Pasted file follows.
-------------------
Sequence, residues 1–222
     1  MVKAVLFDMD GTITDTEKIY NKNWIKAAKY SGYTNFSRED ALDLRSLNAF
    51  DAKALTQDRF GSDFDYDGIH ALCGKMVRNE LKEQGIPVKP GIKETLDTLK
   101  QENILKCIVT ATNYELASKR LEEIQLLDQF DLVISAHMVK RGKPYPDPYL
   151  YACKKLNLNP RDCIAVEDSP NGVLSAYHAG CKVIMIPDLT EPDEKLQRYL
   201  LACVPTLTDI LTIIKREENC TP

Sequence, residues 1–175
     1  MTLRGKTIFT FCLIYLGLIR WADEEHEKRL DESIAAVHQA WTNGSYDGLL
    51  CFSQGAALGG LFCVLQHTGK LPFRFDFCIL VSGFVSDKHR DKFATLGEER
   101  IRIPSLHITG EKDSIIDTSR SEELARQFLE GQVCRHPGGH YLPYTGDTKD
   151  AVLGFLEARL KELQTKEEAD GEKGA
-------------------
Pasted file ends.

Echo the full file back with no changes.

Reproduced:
Sequence, residues 1–222
     1  MVKAVLFDMD GTITDTEKIY NKNWIKAAKY SGYTNFSRED ALDLRSLNAF
    51  DAKALTQDRF GSDFDYDGIH ALCGKMVRNE LKEQGIPVKP GIKETLDTLK
   101  QENILKCIVT ATNYELASKR LEEIQLLDQF DLVISAHMVK RGKPYPDPYL
   151  YACKKLNLNP RDCIAVEDSP NGVLSAYHAG CKVIMIPDLT EPDEKLQRYL
   201  LACVPTLTDI LTIIKREENC TP

Sequence, residues 1–175
     1  MTLRGKTIFT FCLIYLGLIR WADEEHEKRL DESIAAVHQA WTNGSYDGLL
    51  CFSQGAALGG LFCVLQHTGK LPFRFDFCIL VSGFVSDKHR DKFATLGEER
   101  IRIPSLHITG EKDSIIDTSR SEELARQFLE GQVCRHPGGH YLPYTGDTKD
   151  AVLGFLEARL KELQTKEEAD GEKGA